New emissions standards are driving the maritime industry towards an increased focus on cleaner practices on ship scrapping, emissions controls and port management
In general, maritime transportation is an environmentally friendly mode of transport, but an expected doubling of global trade by 2030 will generate further demand for effective ocean transportation. New emissions standards are driving the maritime industry towards an increased focus on cleaner practices on ship scrapping, emissions controls and port management. Being surrounded by water, Denmark is among the world’s leading maritime nations and at the same time leading in terms of environmental- and climate-friendly solutions for the industry.
We invite you to explore solutions related to maritime transportation in more depth below, find potential partners, catch up on the latest news and discover real-life case examples of how sustainable ocean transportation can help solve your environmental issues.
Connect with us: Mie Johnson, Senior Project Manager, firstname.lastname@example.org
According to a new report by several large companies in the shipping and energy sectors it is realistic that a third of the world’s merchant fleet will sail on renewably-produced green ammonia in the future. 120 ports already have the necessary facilities.
As the first port in Denmark, the Port of Aarhus grants a tax discount to “green ships”. The use of tax discounts has proven successful for increasing green maritime transportation in ports of neighbouring countries.
Denmark is investing in the the energy storage and sector coupling technologies of the future. Two large-scale Power-to-X projects have been awarded grants totalling EUR 17.1 million, which will allow us to use green power as fuel for busses, airplanes and ships in the future.
Ten nordic ports have issued a declaration signalling their intention to collaborate on environmental and climate challenges. This includes a focus on alternative energy sources and technologies to reduce greenhouse gas emissions.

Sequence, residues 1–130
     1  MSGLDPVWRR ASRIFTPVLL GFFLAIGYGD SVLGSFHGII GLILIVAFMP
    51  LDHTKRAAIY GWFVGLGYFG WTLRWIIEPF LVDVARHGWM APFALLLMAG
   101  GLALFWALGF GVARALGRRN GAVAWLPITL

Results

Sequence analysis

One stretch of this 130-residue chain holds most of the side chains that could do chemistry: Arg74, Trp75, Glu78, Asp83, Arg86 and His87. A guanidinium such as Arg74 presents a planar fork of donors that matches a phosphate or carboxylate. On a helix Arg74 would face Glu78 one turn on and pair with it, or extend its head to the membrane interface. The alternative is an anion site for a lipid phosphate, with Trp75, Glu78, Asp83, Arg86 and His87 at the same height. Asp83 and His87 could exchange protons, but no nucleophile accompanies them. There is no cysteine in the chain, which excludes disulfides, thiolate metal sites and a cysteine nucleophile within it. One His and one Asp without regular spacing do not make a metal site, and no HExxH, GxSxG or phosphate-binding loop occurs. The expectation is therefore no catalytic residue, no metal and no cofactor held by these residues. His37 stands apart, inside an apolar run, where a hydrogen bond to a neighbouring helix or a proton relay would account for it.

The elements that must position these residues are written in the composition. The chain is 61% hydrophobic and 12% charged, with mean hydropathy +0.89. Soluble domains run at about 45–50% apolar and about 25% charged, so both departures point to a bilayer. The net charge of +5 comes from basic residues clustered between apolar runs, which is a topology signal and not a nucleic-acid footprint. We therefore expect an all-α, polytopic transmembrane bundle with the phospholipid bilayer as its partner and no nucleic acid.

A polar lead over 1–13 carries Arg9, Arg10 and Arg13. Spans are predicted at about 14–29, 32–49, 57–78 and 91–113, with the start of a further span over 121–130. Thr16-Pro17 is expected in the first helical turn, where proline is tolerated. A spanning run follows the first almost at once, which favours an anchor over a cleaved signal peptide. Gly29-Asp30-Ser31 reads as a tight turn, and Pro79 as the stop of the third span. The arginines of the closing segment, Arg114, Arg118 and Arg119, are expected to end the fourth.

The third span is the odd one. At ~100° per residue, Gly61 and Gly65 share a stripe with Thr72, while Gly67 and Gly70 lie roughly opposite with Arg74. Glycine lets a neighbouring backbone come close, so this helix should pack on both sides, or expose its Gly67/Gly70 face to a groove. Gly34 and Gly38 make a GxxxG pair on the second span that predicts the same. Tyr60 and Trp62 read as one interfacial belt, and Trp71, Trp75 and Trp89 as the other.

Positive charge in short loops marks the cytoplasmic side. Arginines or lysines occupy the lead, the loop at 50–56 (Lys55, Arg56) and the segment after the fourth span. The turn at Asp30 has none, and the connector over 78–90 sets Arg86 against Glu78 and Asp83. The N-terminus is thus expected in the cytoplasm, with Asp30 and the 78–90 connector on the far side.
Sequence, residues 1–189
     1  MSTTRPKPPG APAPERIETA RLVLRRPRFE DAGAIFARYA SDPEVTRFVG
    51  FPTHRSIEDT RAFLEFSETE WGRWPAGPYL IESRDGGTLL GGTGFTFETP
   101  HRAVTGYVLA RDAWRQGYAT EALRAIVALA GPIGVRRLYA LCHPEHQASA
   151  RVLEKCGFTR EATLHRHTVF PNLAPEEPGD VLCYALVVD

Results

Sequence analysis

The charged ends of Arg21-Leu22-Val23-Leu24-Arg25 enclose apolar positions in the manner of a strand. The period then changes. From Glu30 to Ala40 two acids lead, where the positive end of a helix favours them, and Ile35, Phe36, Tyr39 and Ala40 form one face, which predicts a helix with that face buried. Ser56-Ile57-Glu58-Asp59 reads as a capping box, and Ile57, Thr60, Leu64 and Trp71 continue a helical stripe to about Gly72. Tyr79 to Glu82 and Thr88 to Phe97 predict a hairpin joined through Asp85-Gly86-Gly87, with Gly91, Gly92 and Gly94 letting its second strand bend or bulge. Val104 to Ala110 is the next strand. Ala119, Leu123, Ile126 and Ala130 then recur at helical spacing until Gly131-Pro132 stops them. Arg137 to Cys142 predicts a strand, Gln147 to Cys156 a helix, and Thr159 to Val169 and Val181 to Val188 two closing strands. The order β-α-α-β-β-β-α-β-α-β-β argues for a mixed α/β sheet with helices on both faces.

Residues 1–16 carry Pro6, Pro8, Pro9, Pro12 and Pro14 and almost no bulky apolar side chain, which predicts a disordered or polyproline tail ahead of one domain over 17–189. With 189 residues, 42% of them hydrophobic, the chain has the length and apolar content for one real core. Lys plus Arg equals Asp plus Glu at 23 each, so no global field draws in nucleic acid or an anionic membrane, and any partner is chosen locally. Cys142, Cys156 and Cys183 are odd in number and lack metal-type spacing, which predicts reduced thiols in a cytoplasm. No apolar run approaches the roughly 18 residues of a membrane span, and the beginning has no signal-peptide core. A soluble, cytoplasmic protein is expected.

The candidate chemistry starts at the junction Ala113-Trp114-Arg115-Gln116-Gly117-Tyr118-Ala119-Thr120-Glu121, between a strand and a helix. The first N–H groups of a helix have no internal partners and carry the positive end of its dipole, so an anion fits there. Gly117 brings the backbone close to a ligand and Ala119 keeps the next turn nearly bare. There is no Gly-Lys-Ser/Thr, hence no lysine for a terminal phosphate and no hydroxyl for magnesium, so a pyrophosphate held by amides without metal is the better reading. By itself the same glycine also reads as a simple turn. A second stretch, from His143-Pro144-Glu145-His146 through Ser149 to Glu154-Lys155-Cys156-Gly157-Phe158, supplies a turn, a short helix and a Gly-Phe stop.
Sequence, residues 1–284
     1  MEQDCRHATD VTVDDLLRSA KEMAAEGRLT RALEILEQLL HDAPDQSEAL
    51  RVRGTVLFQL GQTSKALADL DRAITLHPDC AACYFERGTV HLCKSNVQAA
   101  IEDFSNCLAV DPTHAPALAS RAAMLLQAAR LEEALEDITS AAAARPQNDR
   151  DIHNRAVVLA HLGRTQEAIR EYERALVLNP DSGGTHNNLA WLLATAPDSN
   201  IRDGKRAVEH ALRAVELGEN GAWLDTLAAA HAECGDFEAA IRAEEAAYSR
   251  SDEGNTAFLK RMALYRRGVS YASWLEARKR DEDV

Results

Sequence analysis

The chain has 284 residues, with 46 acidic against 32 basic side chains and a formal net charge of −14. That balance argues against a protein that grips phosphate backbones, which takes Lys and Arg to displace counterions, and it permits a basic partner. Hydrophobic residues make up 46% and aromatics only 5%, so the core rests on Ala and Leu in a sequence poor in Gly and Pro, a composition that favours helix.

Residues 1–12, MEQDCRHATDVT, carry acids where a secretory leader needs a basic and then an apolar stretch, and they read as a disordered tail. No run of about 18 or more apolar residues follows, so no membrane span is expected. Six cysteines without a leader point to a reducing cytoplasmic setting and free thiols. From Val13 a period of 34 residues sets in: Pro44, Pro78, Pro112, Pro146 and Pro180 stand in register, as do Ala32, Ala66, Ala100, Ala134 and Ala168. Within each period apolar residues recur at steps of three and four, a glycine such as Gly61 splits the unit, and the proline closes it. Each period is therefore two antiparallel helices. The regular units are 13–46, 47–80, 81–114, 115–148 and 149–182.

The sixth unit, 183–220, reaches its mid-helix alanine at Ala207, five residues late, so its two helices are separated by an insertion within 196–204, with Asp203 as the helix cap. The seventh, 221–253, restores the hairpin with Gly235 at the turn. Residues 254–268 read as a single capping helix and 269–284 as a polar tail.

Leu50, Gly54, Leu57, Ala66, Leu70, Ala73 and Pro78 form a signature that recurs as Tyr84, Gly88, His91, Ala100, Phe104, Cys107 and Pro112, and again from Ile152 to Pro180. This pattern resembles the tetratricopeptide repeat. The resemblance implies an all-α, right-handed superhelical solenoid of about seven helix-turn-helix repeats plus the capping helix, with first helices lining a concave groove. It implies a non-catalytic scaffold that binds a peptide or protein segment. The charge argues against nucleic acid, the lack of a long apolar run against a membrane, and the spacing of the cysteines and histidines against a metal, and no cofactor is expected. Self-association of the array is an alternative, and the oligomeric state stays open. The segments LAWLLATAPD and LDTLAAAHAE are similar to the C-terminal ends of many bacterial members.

Tackling marine emissions The Taiwanese port city of Kaohsiung relies on its marine network to transport machined goods across its bustling harbor. It is the thirteenth largest in the world. Kaohsiung is typical of many harbor cities in Asia, where diesel ferries are a necessary part of life. Yet this activity comes at a cost, […]
The transport sector is responsible for about a third of the CO2 emissions in Denmark, and the focus is often on how to reduce the pollution from private motoring. The maritime sector has not yet had the same exposure, even though e.g. huge and heavy diesel driven ferries also have a negative impact on the […]
It is estimated that 9 billion people will inhabit the planet by 2050 – 70% of these will live in cities. The increasing urbanisation will be a challenge to cities all over the world and the demand for new innovative solutions within urban mobility is growing. This white paper provides insight into the solutions that Denmark has to offer within urban sustainable transportation.
Stricter international environmental regulations combined with shipping companies’ focus on energy and cost efficient operations are driving a green conversion in the maritime sector. This White Paper demonstrates opportunities and lessons learned from different stakeholders across the Danish maritime industry, supported by state-of-the-art case examples.
Retrofitting is upgrading of existing ships and new buildings in order to comply with new rules and requirements, improve energy efficency or fir the ship’s future operating profile. Danish Maritime has developed the retrofitting portal based on a comprehensive survey of the environmental and climate challenges as well as the available solutions. The overview serves […]
Scandlines is a frontrunner in green ferry operation und operates the world’s largest hybrid fleet. The hybrid system reduces the CO₂-emission by up to 15 percent on the Puttgarden-Rødby route. The fuel consumption on the two hybrid ferries on the Rostock-Gedser route, inserted in 2016, is reduced by 2/3 per trip per car compared to the previous ferries on the route.
Orbicon provides field surveys, planning, and design of harbours and ports in Greenland. When developing a mine, establishing port facilities is an important part of the infrastructure planning. Orbicon is your partner in all stages of port development – from the first field survey, through sketch design to final construction and future maintenance. Our experts […]
Container carriers, ferries and cruise ships combust fossil fuels, resulting in carbon emissions, air pollution and noise in often attractive neighbourhoods. By providing ships with onshore power and developing sustainable terminals, the negative effects of the ships are limited and at the same time, such a project will brand the city and its partners in an international context.